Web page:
It is often a good idea to let your Mac sleep after a period of time when you are not using it, but how the latest versions of macOS present sleep options in System Preferences feels counter-intuitive. How to arrange it.
First a note on sleeping Mac laptops
Mac laptops automatically sleep when you close the lid to save battery life. Unfortunately, there is no setting in System Preferences to change this. If you want your MacBook to stay awake when it is closed, you must connect an external monitor or use a third-party tool.
RELATED: How to keep your MacBook awake when it̵7;s closed
For automatic sleep on a timer, visit Energy Saver
If you are looking for a way to configure when your Mac is asleep after a certain period of time, you must visit the “Power Saver Mode” panel in “System Settings”. Click on the “Apple” logo in the upper left corner of the screen and select “System Preferences”.
Click “Energy Saver Mode” in System Preferences.
When you try to configure your Mac to automatically sleep, confusion often occurs because the option is not spelled in the power save settings. Earlier versions of macOS included two sliders in this settings window: one to set when the screen turns off and one to set when the computer goes to sleep. At some point, Apple combined these sliders into one to encourage people to let their computers sleep by default, thereby helping to save energy.
Unfortunately, in newer versions of macOS (like macOS 10.15 Catalina) it is no longer immediately obvious how to get your Mac to sleep after a certain amount of time.
But do not be afraid; we’ll fix it. What you do next step in the Energy Saver settings depends on whether or not you want your computer to sleep after a certain amount of time. Let’s cover the options.
Set your Mac to sleep automatically after a period of time
If you want your Mac to go into sleep mode automatically after a certain period of time, find the slider labeled “Turn off screen after” in the power save settings.
Drag the slider to match the desired sleep time. Also make sure that the “Prevent the computer from sleeping automatically when the screen is off” option is not selected.
Then close System Preferences. After the time period you selected, the screen goes dark and the Mac should go to sleep shortly afterwards – unless something is going on in the process. In this case, see the troubleshooting section below.
To automatically turn off your Mac’s screen without sleeping
If you want your Mac screen to turn off after a certain time but do not want your computer to go to sleep, use the “Turn off screen after” slider.
And here’s the key part: Make sure the “Prevent your computer from sleeping automatically when the screen is off” option is enabled by selecting a check mark next to it. This is what prevents your computer from sleeping when the screen is off.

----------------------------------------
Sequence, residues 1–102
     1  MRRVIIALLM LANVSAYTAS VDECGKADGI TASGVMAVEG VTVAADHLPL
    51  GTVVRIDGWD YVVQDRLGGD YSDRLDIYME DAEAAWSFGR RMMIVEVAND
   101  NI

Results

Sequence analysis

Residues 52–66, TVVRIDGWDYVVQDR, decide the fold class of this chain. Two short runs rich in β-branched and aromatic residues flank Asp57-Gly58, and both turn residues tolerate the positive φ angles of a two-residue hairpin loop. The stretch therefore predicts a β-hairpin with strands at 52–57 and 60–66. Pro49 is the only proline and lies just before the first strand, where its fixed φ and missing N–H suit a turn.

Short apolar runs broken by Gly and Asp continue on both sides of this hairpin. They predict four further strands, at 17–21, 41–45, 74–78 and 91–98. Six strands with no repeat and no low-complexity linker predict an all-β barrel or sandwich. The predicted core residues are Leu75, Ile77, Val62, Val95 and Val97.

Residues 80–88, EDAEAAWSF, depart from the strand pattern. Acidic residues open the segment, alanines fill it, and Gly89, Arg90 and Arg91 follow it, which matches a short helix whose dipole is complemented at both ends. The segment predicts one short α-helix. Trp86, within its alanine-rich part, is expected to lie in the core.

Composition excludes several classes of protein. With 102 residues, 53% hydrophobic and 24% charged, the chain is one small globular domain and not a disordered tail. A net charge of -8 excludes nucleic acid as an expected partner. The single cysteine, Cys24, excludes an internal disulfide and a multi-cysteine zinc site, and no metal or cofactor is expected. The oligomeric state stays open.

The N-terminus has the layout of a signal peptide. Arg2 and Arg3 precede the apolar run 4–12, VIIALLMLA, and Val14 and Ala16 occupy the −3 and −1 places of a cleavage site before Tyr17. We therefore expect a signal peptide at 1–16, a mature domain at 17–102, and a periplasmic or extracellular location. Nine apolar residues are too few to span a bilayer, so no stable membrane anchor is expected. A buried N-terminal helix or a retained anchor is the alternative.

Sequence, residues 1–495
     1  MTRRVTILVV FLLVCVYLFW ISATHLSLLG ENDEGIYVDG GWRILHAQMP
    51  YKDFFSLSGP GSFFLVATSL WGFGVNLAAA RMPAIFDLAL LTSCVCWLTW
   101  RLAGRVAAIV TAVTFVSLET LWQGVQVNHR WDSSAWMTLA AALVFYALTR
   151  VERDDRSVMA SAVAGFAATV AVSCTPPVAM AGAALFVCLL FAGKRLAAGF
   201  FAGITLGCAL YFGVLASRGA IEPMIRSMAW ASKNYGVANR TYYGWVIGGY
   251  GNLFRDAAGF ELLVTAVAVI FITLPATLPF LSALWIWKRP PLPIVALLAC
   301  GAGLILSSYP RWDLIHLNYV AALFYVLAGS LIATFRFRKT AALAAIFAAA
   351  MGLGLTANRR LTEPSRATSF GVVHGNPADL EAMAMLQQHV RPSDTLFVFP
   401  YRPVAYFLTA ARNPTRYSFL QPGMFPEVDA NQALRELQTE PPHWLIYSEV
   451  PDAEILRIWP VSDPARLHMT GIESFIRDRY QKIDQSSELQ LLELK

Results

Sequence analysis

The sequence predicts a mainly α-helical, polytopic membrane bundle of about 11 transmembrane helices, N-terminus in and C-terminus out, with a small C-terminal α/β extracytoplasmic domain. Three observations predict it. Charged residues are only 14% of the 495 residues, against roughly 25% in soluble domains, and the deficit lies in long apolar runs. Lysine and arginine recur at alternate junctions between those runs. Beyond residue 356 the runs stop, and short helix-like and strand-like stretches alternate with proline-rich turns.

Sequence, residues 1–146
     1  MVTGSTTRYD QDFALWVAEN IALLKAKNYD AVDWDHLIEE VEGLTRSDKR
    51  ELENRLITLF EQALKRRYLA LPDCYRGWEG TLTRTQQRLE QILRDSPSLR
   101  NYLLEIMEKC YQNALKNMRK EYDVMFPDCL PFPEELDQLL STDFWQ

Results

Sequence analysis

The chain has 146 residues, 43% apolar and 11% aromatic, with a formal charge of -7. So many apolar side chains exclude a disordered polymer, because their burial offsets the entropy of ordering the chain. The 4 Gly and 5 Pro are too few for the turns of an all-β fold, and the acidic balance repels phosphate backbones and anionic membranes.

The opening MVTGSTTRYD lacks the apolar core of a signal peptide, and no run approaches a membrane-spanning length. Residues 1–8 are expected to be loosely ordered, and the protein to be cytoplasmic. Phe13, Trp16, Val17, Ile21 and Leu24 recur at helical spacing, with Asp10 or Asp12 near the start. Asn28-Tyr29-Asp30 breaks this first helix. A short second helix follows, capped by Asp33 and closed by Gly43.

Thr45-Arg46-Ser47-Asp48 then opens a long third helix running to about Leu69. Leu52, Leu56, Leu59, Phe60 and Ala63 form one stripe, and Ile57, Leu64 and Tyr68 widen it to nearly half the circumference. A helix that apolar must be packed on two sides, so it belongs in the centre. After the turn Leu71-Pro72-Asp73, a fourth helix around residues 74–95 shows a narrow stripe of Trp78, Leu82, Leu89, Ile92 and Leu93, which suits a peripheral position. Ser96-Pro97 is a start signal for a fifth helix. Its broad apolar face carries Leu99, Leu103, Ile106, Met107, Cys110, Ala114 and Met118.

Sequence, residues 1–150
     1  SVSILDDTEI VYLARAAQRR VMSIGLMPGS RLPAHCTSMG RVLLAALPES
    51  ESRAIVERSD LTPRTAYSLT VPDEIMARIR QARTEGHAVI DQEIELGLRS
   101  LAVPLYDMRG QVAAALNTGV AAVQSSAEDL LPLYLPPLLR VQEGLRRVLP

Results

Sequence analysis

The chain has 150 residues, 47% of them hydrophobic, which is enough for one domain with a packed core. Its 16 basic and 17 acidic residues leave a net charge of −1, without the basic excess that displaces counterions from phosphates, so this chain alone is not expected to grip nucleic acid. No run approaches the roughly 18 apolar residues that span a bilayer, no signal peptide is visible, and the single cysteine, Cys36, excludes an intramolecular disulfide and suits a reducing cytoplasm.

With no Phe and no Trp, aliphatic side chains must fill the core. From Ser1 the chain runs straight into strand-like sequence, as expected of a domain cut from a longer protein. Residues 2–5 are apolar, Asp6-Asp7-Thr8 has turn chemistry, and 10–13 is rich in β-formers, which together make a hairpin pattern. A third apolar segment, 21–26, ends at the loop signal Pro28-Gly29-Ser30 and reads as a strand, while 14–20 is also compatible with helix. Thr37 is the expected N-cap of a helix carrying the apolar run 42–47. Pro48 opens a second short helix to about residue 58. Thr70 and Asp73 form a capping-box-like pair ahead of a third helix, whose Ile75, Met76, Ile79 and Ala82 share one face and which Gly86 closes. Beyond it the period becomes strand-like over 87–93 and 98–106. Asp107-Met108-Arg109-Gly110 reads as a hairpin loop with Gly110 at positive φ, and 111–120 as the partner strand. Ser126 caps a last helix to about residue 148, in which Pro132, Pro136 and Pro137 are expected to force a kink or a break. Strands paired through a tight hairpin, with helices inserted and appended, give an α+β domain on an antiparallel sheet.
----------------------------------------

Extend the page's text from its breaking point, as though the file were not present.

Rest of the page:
Once you have selected the “Prevent Sleep” setting, macOS warns you that your computer “may be using more energy” in a pop-up dialog box. Click “OK”.
As a third option, if you never want your screen to turn off – and you never want your Mac to sleep – set the “Shut Down” slider to “Never”.
What to do if your Mac refuses to sleep automatically
If your Mac does not go to sleep after the time you set in the Energy Saver settings, it is possible that network activity or an active process (such as an application or system background task) keeps it awake.
One way to search for an active process that can prevent sleep is to use macOS ‘built-in Activity Monitor tools. Open the “Activity Monitor” and click on the “Energy” tab. Look for the “Prevent Sleep” column.
If any item in the list says “Yes”, your Mac will not sleep automatically while that process is running. You can either wait until the task is complete, end the process, or force End the process if it does not respond.
There is also a way to dig deeper into what may be preventing your Mac from sleeping with the Terminal application and a command line program called pmset, but it requires more knowledge of how the Mac works under the hood than the Activity Monitor method listed above. Good luck!
RELATED: How to figure out what prevents your Mac from sleeping
After sleep comes standby
After a period of hibernation, your Mac enters “standby mode”. It acts as a sleeper on Windows computers. The Mac saves the contents of the disk memory to save extra power, but it takes longer to resume from standby than to wake from sleep.
How to customize when your Mac goes into standby.
RELATED: Here’s how to choose when your Mac is in sleep mode (or “going to sleep”)